OSAKA — A bronze bust of Koenraad Wolter Gratama, a 19th-century Dutch chemist considered to be the father of Japanese chemistry, will be erected this fall in Osaka, where he began Japan’s first organized teaching of the science.

The bronze bust of Koenraad Wolter Gratama

Tetsuo Shiba, professor emeritus of Osaka University, said the bust of Gratama (1831-1888) was commissioned as part of events to commemorate 400 years of ties between Japan and the Netherlands.

“We wanted to honor Gratama for pioneering chemistry in Japan and being a bridge in Japanese-Dutch ties,” Shiba said, adding that although Japan is in Gratama’s debt, his role is often forgotten.

The 8.6 million yen cost of the bust was shouldered by chemists and people working in activities related to the celebration of Japan-Netherlands ties.

In April, Dutch Crown Prince Willem Alexander and descendants of Gratama attended a completion ceremony for the bust, which is now temporarily housed at Osaka University.

The 80-cm-tall bust shows Gratama sporting a mustache and dressed in a suit and tie.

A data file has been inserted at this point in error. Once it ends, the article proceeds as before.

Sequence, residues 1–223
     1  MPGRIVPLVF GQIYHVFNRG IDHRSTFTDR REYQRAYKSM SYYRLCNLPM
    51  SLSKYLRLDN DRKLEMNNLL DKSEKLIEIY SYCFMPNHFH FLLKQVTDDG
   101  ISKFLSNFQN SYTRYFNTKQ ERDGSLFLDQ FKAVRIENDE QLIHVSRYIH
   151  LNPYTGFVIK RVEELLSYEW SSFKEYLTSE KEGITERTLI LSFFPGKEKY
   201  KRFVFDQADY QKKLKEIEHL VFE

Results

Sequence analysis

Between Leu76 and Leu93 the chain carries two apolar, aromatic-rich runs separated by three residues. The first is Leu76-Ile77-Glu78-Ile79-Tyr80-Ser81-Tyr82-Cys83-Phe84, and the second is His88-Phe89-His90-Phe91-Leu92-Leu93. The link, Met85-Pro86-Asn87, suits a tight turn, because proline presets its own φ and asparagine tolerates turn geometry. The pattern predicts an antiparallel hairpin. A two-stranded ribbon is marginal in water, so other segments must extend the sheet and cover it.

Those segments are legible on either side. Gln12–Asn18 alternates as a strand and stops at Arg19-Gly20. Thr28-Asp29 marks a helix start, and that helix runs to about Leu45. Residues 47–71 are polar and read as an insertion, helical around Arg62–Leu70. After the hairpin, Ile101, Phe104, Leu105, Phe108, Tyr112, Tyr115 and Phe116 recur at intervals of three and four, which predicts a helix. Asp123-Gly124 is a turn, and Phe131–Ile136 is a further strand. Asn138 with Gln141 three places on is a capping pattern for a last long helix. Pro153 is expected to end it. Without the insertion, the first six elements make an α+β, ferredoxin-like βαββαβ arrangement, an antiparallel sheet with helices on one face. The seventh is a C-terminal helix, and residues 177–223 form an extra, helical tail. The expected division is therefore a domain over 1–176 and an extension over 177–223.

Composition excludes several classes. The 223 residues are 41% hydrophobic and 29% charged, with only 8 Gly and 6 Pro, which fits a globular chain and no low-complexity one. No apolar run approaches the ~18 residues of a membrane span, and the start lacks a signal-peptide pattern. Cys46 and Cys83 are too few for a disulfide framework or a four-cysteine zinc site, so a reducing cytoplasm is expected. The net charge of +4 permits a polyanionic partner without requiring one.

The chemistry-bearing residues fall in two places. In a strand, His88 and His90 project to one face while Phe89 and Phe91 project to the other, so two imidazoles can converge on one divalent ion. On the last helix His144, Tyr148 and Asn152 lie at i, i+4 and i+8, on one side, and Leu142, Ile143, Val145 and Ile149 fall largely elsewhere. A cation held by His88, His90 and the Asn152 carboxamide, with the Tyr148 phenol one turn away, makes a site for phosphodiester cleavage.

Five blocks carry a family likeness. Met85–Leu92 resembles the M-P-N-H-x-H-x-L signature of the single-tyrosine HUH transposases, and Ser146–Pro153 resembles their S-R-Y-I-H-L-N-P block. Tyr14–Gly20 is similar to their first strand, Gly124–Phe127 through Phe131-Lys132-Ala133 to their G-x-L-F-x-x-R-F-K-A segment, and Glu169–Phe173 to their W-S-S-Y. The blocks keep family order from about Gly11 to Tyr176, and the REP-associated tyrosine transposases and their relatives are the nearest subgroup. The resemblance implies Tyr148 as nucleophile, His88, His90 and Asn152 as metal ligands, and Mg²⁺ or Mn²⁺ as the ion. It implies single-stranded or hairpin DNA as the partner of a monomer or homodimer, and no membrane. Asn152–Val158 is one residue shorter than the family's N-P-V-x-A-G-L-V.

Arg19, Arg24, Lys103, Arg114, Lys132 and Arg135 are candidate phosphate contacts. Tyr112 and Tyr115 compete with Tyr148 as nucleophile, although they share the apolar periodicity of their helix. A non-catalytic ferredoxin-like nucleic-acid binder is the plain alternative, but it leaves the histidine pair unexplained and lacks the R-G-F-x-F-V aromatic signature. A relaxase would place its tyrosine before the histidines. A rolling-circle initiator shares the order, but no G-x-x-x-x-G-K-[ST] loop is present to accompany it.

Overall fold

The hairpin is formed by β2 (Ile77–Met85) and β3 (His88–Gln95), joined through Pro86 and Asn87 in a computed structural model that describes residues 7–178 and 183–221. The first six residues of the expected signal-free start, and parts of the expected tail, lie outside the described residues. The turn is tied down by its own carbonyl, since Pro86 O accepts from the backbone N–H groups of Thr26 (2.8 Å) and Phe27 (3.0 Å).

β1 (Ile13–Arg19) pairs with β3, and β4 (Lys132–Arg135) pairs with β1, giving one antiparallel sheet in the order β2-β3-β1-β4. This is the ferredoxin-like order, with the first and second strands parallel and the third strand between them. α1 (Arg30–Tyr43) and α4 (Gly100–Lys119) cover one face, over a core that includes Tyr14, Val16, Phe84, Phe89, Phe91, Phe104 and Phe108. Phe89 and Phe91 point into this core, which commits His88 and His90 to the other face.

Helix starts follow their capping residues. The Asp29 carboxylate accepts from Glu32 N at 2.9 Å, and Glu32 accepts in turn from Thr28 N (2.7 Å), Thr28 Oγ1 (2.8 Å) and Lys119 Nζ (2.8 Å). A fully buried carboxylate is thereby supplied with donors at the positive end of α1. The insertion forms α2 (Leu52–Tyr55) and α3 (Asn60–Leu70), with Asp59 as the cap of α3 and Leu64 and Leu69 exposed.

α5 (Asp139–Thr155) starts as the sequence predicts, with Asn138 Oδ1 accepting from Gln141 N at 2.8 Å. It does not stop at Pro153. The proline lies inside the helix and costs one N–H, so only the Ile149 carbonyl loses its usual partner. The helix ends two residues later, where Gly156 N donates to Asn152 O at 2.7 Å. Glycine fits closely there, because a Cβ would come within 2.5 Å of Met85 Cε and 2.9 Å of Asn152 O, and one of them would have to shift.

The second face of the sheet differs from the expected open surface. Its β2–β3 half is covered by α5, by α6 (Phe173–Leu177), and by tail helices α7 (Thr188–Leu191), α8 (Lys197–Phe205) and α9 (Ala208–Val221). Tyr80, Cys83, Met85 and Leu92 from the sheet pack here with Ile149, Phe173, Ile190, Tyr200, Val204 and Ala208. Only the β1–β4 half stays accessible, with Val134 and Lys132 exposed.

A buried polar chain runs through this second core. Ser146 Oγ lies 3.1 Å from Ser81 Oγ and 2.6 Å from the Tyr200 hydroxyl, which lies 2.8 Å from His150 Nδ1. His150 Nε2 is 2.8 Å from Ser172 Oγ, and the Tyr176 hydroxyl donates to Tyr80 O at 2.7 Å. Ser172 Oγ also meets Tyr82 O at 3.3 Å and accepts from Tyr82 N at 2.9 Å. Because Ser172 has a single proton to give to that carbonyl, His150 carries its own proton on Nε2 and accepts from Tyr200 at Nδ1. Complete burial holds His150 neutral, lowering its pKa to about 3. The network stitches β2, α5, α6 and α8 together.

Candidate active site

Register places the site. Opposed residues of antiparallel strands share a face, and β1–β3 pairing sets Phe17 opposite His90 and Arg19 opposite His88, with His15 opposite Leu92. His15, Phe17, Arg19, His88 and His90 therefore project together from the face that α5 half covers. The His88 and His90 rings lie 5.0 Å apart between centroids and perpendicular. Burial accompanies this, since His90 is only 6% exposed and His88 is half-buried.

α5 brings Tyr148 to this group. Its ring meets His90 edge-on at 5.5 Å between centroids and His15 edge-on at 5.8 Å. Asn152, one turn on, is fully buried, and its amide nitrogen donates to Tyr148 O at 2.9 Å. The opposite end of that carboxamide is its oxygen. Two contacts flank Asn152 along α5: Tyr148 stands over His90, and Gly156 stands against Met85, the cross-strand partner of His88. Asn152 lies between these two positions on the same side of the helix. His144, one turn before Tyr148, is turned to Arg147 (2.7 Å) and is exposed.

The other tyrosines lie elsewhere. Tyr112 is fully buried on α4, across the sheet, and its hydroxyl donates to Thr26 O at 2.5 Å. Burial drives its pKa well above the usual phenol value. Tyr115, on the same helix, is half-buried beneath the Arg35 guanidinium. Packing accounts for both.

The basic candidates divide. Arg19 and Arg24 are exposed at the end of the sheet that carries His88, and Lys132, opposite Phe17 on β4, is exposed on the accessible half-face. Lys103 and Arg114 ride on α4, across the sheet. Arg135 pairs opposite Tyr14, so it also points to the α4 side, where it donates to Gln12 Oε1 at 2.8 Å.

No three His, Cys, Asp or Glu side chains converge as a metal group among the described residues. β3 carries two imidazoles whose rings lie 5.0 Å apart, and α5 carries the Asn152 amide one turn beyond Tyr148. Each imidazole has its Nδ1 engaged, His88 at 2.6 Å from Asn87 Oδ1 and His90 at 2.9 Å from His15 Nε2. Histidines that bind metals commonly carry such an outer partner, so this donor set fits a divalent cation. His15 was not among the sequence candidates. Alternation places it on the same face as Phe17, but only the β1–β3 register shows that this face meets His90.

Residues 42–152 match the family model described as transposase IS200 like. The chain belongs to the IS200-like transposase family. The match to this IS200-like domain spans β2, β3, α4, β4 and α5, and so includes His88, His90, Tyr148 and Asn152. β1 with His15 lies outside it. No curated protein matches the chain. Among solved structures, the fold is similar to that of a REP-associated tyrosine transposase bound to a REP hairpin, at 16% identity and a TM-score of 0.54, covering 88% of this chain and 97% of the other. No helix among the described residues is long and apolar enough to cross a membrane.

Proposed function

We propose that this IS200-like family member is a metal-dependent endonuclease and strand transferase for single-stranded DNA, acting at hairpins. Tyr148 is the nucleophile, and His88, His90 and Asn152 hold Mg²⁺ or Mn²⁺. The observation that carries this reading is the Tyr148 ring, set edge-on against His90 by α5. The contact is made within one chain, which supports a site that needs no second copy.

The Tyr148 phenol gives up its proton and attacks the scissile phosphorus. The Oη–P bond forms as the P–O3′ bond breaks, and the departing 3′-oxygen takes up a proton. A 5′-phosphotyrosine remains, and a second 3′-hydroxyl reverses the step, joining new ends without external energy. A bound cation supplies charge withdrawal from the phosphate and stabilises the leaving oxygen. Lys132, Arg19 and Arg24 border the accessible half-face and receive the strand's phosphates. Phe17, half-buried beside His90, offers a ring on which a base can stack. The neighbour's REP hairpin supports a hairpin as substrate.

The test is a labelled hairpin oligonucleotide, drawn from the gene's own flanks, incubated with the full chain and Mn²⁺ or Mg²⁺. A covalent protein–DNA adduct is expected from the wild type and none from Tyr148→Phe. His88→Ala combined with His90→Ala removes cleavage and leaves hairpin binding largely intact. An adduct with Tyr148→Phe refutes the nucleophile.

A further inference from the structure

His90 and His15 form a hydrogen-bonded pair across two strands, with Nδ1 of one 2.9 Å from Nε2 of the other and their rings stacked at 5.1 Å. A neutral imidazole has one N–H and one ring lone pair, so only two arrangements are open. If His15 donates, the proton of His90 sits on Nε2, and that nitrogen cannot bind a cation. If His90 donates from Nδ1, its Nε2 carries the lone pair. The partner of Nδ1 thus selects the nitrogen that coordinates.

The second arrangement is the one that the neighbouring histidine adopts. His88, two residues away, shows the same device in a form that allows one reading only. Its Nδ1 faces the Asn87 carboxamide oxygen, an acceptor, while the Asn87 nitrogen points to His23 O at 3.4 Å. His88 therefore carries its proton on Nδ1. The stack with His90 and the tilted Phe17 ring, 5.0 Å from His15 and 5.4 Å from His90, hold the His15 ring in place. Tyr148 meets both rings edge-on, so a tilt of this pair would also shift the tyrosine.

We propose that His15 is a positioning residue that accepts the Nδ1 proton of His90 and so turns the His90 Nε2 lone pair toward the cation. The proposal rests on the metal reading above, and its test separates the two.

In 1866, Gratama arrived in Nagasaki to teach chemistry at the invitation of the shogunate.

Three years later, he was asked by the new Meiji government to be an assistant principal at a newly established national chemistry school in Osaka. There, he began what was to be the country’s first-ever organized teaching of chemistry.

In 1871, he returned to the Netherlands after his contract expired, but he left behind a crop of pupils who were to become pioneers in Japanese chemistry.

Among them were Jokichi Takamine (1854-1922), who isolated adrenaline in crystalline form from bovine adrenal glands, and Kikunae Ikeda (1864-1936), who developed a commercial seasoning product now known as “ajinomoto” (monosodium glutamate)

The national chemistry school later relocated to Kyoto, where it evolved into the current Kyoto University.

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